More storage and work area—and in less space
Project: Improve a kitchen’s storage and function in Park Slope
Before: The kitchen in Dawn and David’s loft apartment was not ideally configured, and after living in the home for a dozen years, the pair decided that it was finally time to redo the kitchen. The cabinets had seen a lot of wear and tear, and appliances and drawers were not in the best positions. Given their penchant for entertaining, they wanted to make sure that there was adequate and accessible space for their serving pieces. To accomplish this, Dawn tells us that she “spent a lot of time measuring the things we wanted to store so that we had dedicated spaces that were plotted out correctly in the kitchen. I was careful not to over-allocate space.”
The couple also wanted to fix a prior renovation mistake: a contractor had convinced them to go with recessed lighting in the kitchen and living room areas. Dawn found the choice too commercial and wanted to find statement pendants and other lighting options with a bit more character. After posting their project to Sweeten and interviewing several contractors, they chose this design-build firm.
After: Dawn knew that she wanted a large kitchen workspace that would complement the dining and living room areas.
Her goals were to create more counter space and cabinet storage, but within a smaller footprint by being very efficient with the layout. (This way, the dining and living areas could regain a bit of the square footage.) She said, “We wanted to get the most out of each nook and cranny while not ending up with a lot of nooks and crannies!”
An expanded peninsula with drawers on either side—facing the kitchen as well as the entryway—was a key part of executing this vision. As Dawn explains, she wanted “tons of room for prepping and cooking a meal and also allowed some serving space for hor ‘d oeuvres when we entertain. Like many people who live in apartments, I find that people like to congregate in the kitchen when they arrive, and I wanted to have a space that didn’t interfere with the process of making dinner. With a much bigger peninsula, we confine the prep/cooking work to one half of the surface while making room for an attractive presentation on the other.”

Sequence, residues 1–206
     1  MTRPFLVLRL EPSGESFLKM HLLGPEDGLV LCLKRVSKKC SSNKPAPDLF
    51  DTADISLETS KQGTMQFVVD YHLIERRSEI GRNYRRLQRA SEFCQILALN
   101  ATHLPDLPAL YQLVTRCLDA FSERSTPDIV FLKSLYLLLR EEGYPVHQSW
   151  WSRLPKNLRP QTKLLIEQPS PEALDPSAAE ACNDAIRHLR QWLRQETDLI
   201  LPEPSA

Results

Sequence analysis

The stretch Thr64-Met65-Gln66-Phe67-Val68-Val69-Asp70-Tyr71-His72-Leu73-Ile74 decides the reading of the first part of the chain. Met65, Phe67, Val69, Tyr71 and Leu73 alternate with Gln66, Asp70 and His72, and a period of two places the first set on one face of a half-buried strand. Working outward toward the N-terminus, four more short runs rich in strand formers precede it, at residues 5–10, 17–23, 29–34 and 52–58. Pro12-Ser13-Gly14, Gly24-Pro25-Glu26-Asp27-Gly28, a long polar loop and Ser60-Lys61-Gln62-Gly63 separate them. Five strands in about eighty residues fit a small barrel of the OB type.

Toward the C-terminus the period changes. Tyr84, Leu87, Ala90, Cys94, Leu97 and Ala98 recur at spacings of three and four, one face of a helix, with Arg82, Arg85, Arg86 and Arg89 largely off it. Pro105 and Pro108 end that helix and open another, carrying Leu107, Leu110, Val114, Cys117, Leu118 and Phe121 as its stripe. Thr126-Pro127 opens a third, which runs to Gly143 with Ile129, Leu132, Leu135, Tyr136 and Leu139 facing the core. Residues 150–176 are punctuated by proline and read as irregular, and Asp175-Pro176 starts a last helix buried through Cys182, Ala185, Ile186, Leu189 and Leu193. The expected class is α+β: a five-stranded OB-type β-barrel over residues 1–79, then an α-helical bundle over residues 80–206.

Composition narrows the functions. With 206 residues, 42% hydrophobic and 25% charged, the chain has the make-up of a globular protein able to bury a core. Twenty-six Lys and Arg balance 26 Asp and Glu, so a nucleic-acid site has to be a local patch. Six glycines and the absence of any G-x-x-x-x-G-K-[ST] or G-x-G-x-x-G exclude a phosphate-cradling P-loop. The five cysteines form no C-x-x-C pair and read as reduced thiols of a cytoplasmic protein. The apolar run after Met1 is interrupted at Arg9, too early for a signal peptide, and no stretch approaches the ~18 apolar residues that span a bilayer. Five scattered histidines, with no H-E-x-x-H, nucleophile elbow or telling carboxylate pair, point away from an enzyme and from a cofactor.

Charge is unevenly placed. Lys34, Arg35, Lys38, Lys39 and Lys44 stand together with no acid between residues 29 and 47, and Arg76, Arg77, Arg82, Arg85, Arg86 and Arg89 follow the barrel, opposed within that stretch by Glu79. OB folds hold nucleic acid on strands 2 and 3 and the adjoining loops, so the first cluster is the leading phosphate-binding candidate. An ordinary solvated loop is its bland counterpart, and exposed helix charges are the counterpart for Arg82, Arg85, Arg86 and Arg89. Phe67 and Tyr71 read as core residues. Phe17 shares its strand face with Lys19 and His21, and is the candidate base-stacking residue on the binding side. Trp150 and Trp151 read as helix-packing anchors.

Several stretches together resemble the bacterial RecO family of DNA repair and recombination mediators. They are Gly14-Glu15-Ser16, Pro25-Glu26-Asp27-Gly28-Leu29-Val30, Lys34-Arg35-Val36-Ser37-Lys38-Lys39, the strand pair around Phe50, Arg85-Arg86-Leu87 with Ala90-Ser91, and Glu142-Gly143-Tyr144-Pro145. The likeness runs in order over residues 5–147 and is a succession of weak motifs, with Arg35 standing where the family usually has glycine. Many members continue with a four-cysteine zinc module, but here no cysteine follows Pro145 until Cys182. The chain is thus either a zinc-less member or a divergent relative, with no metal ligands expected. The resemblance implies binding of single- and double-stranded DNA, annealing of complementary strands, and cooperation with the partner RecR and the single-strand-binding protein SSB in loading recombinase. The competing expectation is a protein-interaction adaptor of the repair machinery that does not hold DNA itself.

Also part of the plan was dedicated spaces for certain items such as serving trays and her largest pots that could be easily found without digging. A good deal of thought went into the best placement of appliances and cabinets; the utensil drawer faces the dishwasher, while the speed oven is hidden in the peninsula keeping the countertops clear.
Dawn also worked with her Sweeten contractor to add a full-length pantry that had both interior drawers and shelves, as well as a spice rack mounted at eye level to the inside of the door.
For the finishes, Dawn, the founder and CEO of Arcadia Home, an artisan-made home accessories brand, had a vision: “grainy flat-paneled cabinets, beautiful organic pulls, extraordinary color in the backsplash, killer lighting, and a fairly clean white but interesting countertop.” The centerpiece of the entire kitchen was the yellow Moroccan tile, inspired by a yellow Moroccan rug in the couple’s living room—a purchase from their first trip together during their dating days. “It makes us happy every day,” she said as well as the organic feeling of the small details that blends seamlessly into the rest of their home.
Bonus: The lighting redesign also transformed the look of the space. Now, the peninsula sports two handmade pierced nickel-plated brass shades from Egypt. The light from the pierced holes creates a unique pattern when they are turned on.
Style finds: Rift-cut oak painted kitchen cabinets: Custom designed by Sweeten contractor. Cabinet paint color in Blackberry and White Dove: Benjamin Moore. Schaub and Company Martello #174-N cabinet pulls in natural: Build.com. Pinecone cabinet knobs: Knobs4Less.com. Montclair #AQ501 quartz countertops: Alleanza Quartz. Batha #1-18 yellow Moroccan tile backsplash: Mosaic House. Zenza Bella Filisky peninsula pendants: Zenza Home. Transparence ceiling light: Sonneman Lighting.
This homeowner renovated her kitchen in Park Slope, Brooklyn.
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